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This Week in Nature: Sep 13, 2018

In Nature this week, a University of Washington team reports on the use of saturation genome editing to evaluate the function of nearly 4,000 single-nucleotide variants (SNVs) across 13 exons that are critical to the function of the tumor-suppressor gene BRCA, and measure subsequent cell survival in haploid human cells. They identify more than 400 non-functional missense SNVs, as well as roughly 300 SNVs that disrupt expression. Notably, the functional scores are highly concordant with established assessments of pathogenicity. "We predict that these results will be immediately useful for the clinical interpretation of BRCA1 variants, and that this approach can be extended to overcome the challenge of variants of uncertain significance in additional clinically actionable genes," the authors write. GenomeWeb has more on this, here.

Also in Nature, an international research team describes a new system to identify genome-wide off-target effects of CRISPR-Cas9 genome editing. Called verification ofin vivo off-targets, or VIVO, the approach involves identifying potential off-target sites and then confirming whether any such sites have been altered after genome editing. The investigators demonstrate VIVO in mice, designing both promiscuous and highly specific guide RNAs targeted to the PCSK9 gene and showing that the former induce substantial off-target effects while the latter can direct efficient gene editing with no detectable off-targeting. "VIVO provides a general strategy for defining and quantifying the off-target effects of gene-editing nucleases in whole organisms, thereby providing a blueprint to foster the development of therapeutic strategies that use in vivo gene editing," the researchers say. GenomeWeb also has more on this, here.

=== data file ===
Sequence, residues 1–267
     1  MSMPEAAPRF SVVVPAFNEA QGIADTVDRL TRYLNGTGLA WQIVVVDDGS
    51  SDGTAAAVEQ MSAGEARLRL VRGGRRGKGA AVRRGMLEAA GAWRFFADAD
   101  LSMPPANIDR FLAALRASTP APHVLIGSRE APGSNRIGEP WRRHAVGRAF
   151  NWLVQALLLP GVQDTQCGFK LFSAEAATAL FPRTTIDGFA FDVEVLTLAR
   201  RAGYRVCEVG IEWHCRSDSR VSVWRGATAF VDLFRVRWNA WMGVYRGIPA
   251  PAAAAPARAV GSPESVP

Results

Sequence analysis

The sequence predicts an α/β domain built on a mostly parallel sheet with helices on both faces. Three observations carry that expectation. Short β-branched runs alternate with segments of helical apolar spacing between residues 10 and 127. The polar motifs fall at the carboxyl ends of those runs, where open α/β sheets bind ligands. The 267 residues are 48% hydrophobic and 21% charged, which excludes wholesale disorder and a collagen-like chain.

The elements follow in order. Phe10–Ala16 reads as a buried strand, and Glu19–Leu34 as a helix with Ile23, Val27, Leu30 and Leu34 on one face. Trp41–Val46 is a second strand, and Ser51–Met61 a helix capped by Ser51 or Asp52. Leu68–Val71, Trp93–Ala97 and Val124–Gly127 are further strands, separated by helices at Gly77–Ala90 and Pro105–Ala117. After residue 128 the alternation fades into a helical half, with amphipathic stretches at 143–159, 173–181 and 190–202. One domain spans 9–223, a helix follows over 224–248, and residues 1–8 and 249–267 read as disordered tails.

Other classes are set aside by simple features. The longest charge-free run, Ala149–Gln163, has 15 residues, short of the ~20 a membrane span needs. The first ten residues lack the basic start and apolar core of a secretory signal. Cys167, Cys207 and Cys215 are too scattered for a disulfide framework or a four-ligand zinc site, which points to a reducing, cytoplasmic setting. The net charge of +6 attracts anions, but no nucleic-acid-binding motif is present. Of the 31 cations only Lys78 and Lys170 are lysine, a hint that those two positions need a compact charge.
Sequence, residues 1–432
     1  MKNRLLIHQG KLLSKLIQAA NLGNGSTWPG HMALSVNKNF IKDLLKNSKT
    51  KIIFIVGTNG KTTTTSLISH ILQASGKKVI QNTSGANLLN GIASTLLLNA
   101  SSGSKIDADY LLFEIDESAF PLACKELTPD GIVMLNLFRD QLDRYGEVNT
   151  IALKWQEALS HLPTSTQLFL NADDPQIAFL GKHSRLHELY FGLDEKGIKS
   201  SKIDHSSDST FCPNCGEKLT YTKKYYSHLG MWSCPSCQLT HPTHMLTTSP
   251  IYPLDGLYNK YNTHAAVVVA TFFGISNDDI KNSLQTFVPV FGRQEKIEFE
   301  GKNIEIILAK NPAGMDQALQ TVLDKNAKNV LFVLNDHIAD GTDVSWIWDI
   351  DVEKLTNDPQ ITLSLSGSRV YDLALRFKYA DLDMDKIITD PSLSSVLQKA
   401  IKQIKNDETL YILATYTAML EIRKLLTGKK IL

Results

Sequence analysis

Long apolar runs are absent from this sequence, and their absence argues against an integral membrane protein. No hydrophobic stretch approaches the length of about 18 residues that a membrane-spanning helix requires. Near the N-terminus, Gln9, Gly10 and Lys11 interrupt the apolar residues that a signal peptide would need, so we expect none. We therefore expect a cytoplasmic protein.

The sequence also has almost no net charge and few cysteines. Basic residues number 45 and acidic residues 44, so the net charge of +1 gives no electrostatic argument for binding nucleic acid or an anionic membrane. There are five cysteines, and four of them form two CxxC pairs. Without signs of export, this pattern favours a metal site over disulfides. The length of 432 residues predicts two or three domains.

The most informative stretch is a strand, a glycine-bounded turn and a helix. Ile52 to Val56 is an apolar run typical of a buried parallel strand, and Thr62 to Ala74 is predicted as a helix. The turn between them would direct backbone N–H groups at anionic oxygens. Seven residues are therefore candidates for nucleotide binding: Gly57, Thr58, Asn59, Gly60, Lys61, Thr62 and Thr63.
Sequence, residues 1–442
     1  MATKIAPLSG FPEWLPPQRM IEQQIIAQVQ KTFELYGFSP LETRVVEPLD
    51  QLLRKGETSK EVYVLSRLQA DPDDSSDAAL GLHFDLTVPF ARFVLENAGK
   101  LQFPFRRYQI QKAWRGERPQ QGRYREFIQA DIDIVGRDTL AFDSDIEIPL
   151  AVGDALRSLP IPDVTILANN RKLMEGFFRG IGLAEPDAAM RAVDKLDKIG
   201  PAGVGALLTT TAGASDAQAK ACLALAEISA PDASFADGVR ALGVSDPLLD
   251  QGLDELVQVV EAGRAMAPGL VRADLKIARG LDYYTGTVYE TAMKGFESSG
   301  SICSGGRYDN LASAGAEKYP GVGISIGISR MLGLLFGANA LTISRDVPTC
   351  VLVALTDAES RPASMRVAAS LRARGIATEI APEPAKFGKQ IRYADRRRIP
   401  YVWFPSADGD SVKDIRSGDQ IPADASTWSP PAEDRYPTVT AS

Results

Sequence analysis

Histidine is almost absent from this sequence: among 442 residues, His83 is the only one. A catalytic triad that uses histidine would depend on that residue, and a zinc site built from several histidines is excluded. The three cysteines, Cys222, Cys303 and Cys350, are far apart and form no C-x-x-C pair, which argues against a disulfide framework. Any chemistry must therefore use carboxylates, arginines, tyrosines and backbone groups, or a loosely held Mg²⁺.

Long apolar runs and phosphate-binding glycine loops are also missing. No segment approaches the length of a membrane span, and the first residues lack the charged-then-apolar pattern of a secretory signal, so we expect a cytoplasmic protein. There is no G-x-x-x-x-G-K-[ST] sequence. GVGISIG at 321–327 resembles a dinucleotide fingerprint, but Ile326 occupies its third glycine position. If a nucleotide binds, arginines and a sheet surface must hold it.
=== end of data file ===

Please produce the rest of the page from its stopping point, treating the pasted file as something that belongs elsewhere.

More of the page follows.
And in Nature Communications, a group led by scientists from the Max Planck Institute presents an analysis of ancient DNA that provides insights into the social organization and migration of the Longobards — a 6th-century group that ruled large swaths of Italy for more than 200 years. The researchers sequenced and analyzed the genomic DNA of 63 individuals buried in two cemeteries associated with the Longobards, and found that each of the cemeteries was primarily organized around one large pedigree, "suggesting that biological relationships played an important role in these early medieval societies." The cemeteries were found to also include individuals from at least two two different groups with different ancestry and funeral customs. Evidence of admixture, meanwhile, supports a proposed theory that the Longobards migrated to Italy from what is now western Hungary. And there's more on this here, too.